Hedgehogs spread the word in Geneva
The unassuming hedgehog has been recruited by the authorities in Geneva to persuade people to recycle more of their rubbish.
Over 150 of these cute creatures have invaded the streets of Geneva and its suburbs to spread the word: that many things - from motor oil to old sofas, from clothes to potato peelings - can be re-used.
Needless to say, we are not talking about real hedgehogs. These animals with a mission are huge, very colourful and made of fibreglass and polyester.
"We want to arouse people's curiosity, and remind them that recyclable waste shouldn't simply be thrown out with the rest of the rubbish," says Eve Siegenthaler, head of the canton's waste management information service, Inf-eau-déchêts.
For the past 10 years the prickly creature has been the symbol of this recycling information service, and its image adorns many rubbish bins around the city.
In front of each hedgehog is written the campaign's slogan: "All Geneva recycles its waste" along with the telephone number of Inf-eau-déchêts. The canton hopes these benevolent beasts will convince people that it is their civic duty to make recycling part of their daily routine.
The hedgehogs are all the same shape and size - about a metre high, a metre wide, 1.6 metres long, and weighing in at 20 kilogrammes. But they are all unique.
"Local companies and communes were invited to buy a hedgehog and decorate it," Siegenthaler explained to swissinfo. "Some were painted by professional artists or designers, others by schoolchildren. They are all very different."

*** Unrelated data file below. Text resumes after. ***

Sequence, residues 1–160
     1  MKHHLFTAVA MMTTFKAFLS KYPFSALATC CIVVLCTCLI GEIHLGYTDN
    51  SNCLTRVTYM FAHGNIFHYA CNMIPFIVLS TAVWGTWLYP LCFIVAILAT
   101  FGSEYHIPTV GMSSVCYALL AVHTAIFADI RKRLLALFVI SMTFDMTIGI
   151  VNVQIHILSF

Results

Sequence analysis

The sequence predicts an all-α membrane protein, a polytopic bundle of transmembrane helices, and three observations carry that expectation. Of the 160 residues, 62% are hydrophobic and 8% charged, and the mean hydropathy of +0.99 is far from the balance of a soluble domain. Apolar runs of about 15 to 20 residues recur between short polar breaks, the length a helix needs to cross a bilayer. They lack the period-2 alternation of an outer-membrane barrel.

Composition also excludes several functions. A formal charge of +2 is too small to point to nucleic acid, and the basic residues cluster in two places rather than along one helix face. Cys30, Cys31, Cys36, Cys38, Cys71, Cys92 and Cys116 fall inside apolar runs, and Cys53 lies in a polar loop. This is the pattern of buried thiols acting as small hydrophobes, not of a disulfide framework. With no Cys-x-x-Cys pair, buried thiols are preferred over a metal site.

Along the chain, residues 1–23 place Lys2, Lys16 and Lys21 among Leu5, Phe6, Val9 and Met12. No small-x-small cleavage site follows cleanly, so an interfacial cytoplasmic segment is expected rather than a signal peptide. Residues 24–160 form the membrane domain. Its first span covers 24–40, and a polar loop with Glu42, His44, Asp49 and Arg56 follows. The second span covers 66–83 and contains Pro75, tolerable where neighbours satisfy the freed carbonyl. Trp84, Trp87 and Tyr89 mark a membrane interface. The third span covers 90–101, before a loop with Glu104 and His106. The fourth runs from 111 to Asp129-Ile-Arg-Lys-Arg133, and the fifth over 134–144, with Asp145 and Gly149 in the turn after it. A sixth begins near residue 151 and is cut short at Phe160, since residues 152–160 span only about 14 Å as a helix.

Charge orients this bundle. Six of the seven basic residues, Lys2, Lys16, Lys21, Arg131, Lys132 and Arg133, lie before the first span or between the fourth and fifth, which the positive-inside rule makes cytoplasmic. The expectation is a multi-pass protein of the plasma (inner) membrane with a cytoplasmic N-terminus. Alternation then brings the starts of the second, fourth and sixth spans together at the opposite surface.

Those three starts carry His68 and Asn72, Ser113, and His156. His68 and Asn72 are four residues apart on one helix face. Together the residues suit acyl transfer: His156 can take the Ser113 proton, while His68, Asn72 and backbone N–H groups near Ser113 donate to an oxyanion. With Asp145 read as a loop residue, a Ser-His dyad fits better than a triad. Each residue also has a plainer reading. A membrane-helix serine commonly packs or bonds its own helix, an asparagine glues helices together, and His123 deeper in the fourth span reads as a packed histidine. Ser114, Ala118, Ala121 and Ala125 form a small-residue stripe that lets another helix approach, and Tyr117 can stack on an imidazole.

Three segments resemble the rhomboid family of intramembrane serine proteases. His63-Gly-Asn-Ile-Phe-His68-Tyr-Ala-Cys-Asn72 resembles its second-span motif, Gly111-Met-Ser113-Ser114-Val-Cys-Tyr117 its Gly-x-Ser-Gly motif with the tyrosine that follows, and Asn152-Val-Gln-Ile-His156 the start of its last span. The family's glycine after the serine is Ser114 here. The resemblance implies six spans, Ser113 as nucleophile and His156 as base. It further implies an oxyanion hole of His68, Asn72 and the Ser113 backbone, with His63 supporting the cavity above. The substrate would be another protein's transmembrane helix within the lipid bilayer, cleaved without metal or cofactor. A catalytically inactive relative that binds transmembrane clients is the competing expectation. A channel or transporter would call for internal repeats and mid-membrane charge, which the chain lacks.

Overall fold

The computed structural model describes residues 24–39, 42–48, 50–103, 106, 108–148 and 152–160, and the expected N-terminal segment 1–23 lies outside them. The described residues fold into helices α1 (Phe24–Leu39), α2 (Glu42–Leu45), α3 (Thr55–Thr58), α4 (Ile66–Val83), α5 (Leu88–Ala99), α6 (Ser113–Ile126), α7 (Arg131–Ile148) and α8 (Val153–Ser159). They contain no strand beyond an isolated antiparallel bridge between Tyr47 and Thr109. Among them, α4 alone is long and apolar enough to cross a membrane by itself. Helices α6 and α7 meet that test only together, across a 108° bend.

Some are decorated with themes linked to the business that owns them - flowers for florists, bread for bakers, aeroplanes for Geneva airport. Others have chosen specifically environmental themes. One company bought five hedgehogs and has devoted one each to earth, air, nature, water and fire.
But don't even think about stealing one of these amazing creations. They are held in place by a slab of concrete weighing 180 kilogrammes.
The main reason for the campaign is that Geneva is very un-Swiss when it comes to recycling. Only a quarter of all household waste is recycled, and the canton wants that figure to rise to 40 per cent by 2002.
"The level of recycling is quite low in Geneva - much lower than in the rest of Switzerland, especially German-speaking Switzerland," Siegenthaler says. "A lot of people recycle, but only occasionally. So they feel like they're doing it, but they are not doing it correctly or enough.
"We want to inform people, and to explain why it's important to recycle, and we want to say it in a fun way, and not, as in German-speaking Switzerland, make people pay for their waste. That's not the kind of policy we want to pursue," she adds.
Rather than encouraging people to go to distant recycling centres, the authorities are increasingly bringing the recycling to the people. One scheme will see every building in Geneva with its own green waste recycling bins. Many already have their own containers for paper and cardboard.
The hedgehog campaign is driven by a desire to protect the environment and to improve the future quality of life of people living in the city. But there are also good economic arguments for recycling.
"The cost of incinerating rubbish is twice as high as recycling it. And when you incinerate it, it's lost forever," Siegenthaler says.
The hedgehogs will be on patrol in the streets of Geneva until October 1. Until then there will be a competition in which people have to find letters and numbers guarded by the hedgehogs and spell out an environmentalist message.
And when the campaign is over, these hedgehogs will not need to be recycled or incinerated. Virtually all of them are expected to find homes - in the companies that paid for them or in schoolyards where they can carry on their missionary work.
by Roy Probert
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